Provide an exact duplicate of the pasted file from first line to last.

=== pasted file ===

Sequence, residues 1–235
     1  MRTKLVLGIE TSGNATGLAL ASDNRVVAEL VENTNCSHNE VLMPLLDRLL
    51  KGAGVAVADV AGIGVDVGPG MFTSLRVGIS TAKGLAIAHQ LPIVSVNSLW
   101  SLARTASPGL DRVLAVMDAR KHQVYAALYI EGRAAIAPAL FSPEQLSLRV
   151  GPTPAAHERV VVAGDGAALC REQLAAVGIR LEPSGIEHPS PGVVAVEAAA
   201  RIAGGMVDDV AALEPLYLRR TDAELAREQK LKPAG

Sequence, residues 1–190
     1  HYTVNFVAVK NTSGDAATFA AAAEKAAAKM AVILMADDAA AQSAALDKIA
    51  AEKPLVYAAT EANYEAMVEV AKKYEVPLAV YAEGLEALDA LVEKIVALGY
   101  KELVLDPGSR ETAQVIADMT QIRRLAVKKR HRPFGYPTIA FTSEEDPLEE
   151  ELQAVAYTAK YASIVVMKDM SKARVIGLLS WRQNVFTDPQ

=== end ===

Sequence, residues 1–235
     1  MRTKLVLGIE TSGNATGLAL ASDNRVVAEL VENTNCSHNE VLMPLLDRLL
    51  KGAGVAVADV AGIGVDVGPG MFTSLRVGIS TAKGLAIAHQ LPIVSVNSLW
   101  SLARTASPGL DRVLAVMDAR KHQVYAALYI EGRAAIAPAL FSPEQLSLRV
   151  GPTPAAHERV VVAGDGAALC REQLAAVGIR LEPSGIEHPS PGVVAVEAAA
   201  RIAGGMVDDV AALEPLYLRR TDAELAREQK LKPAG

Sequence, residues 1–190
     1  HYTVNFVAVK NTSGDAATFA AAAEKAAAKM AVILMADDAA AQSAALDKIA
    51  AEKPLVYAAT EANYEAMVEV AKKYEVPLAV YAEGLEALDA LVEKIVALGY
   101  KELVLDPGSR ETAQVIADMT QIRRLAVKKR HRPFGYPTIA FTSEEDPLEE
   151  ELQAVAYTAK YASIVVMKDM SKARVIGLLS WRQNVFTDPQ